The rule’s procedural aspects raise concerns, potentially inviting industry challenges due to its issuance as an “interpretive rule” and the limited scope for revisions or further action despite the collection of comments. There is a fundamental misalignment between the CFPB’s policy rationale and the FCBA, lacking support in the Truth in Lending Act. The CFPB’s failure to acknowledge the unique protections for physical credit cards, designed to address their susceptibility to theft and misuse, contrasts with the secure nature of BNPL products accessed via personal profiles, requiring multiple identity and fraud checks before any purchase. Additionally, there is apprehension about the potential for increased operational costs due to the enhanced consumer rights, which could reshape the market dynamics and influence the strategies of BNPL companies.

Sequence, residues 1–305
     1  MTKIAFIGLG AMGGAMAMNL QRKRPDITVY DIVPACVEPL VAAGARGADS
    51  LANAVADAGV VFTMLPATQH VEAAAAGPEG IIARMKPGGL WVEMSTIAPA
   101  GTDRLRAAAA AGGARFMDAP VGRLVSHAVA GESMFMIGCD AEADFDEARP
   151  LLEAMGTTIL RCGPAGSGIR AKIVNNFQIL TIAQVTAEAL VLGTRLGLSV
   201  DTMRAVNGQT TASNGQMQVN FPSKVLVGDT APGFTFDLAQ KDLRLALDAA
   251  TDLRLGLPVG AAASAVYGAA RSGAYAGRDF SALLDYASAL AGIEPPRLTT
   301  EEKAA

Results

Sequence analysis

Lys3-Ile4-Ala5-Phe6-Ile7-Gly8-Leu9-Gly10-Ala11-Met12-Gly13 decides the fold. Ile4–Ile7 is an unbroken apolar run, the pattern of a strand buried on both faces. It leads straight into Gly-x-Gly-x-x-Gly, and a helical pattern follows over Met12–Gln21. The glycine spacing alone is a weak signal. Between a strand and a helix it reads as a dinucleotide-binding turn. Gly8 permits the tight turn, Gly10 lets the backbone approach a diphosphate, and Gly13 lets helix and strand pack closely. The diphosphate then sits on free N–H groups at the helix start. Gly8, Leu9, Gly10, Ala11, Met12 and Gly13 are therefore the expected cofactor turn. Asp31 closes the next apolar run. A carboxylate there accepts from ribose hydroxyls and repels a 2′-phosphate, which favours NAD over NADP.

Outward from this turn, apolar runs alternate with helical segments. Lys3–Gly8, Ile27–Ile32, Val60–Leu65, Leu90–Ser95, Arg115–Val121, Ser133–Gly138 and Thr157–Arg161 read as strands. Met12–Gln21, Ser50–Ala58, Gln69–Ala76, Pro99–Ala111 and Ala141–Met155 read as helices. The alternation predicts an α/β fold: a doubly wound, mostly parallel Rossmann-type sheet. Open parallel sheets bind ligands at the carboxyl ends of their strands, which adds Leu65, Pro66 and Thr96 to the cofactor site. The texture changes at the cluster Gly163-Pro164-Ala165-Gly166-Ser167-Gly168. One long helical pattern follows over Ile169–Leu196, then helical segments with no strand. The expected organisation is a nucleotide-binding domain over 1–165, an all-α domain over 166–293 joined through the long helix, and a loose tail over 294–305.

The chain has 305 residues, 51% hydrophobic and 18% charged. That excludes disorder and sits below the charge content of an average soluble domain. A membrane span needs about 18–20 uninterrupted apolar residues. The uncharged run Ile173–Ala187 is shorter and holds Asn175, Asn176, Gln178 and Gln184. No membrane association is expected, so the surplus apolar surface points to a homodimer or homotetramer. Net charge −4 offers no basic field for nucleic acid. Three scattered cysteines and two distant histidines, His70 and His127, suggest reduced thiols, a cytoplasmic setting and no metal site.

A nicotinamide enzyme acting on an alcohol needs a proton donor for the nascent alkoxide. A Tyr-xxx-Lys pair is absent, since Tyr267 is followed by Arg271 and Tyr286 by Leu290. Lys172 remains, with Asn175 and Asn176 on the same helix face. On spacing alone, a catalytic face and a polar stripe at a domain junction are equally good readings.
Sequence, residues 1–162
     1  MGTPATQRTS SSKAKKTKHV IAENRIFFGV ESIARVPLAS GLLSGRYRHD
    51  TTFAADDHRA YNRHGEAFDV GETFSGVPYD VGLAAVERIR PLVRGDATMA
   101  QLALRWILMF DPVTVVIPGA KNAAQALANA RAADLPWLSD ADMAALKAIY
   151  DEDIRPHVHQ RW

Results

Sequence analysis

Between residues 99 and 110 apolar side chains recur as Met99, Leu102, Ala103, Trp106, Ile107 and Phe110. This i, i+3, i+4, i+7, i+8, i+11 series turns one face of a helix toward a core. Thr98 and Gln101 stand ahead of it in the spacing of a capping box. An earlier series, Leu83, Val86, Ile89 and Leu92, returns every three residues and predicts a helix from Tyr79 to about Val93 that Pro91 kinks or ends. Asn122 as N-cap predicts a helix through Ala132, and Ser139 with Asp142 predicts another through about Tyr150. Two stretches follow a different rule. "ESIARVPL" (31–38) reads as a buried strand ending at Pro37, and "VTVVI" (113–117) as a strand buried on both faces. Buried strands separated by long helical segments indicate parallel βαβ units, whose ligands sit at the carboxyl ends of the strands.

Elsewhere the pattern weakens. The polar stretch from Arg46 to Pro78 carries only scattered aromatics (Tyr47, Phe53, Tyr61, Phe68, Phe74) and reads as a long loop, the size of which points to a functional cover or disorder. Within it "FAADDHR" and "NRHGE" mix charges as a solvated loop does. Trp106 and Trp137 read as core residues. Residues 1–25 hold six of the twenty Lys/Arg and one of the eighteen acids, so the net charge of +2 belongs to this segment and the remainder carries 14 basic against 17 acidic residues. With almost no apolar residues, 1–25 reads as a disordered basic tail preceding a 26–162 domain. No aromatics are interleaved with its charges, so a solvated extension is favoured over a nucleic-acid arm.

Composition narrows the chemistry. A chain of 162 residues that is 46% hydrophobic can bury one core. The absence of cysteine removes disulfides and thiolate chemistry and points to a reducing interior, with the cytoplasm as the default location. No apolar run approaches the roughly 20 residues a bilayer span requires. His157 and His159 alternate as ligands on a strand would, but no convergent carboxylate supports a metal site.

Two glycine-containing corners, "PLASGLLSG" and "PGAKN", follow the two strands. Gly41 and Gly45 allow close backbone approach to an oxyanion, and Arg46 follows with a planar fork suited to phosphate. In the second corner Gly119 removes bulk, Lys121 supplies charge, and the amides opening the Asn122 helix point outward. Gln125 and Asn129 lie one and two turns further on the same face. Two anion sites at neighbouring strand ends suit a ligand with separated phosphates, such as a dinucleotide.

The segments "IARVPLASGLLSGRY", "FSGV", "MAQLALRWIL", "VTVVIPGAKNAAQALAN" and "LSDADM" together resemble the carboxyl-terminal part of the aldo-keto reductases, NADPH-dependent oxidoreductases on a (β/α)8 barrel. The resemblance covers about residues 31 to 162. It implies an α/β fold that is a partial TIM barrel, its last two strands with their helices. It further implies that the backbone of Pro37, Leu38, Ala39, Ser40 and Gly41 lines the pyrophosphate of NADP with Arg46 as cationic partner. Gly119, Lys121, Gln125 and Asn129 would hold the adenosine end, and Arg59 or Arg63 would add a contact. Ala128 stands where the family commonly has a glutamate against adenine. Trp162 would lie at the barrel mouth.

Conclusion

With the new CFPB interpretive rule ushering in a new era for the buy now pay later services, it’s crucial for BNPL lenders to navigate these changes with a keen understanding of the regulations to ensure compliance. The rule’s implications ripple across consumer protections, dispute resolutions, and billing practices, emphasizing a more even playing field for fintech’s and banks. As lenders adjust to these regulations, the ability to adapt and incorporate these changes into their operational frameworks will be paramount for sustained success and growth.

 

 

 

 

References

 

CFPB Takes Action to Ensure Consumers Can Dispute Charges and Obtain Refunds on Buy Now, Pay Later Loans | Consumer Financial Protection Bureau (consumerfinance.gov)
CFPB Rules Buy Now, Pay Later Lenders Must Offer Key Credit Card Protections | Consumer Financial Services Law Monitor

Author

Cornerstone Staff

Staff
| Cornerstone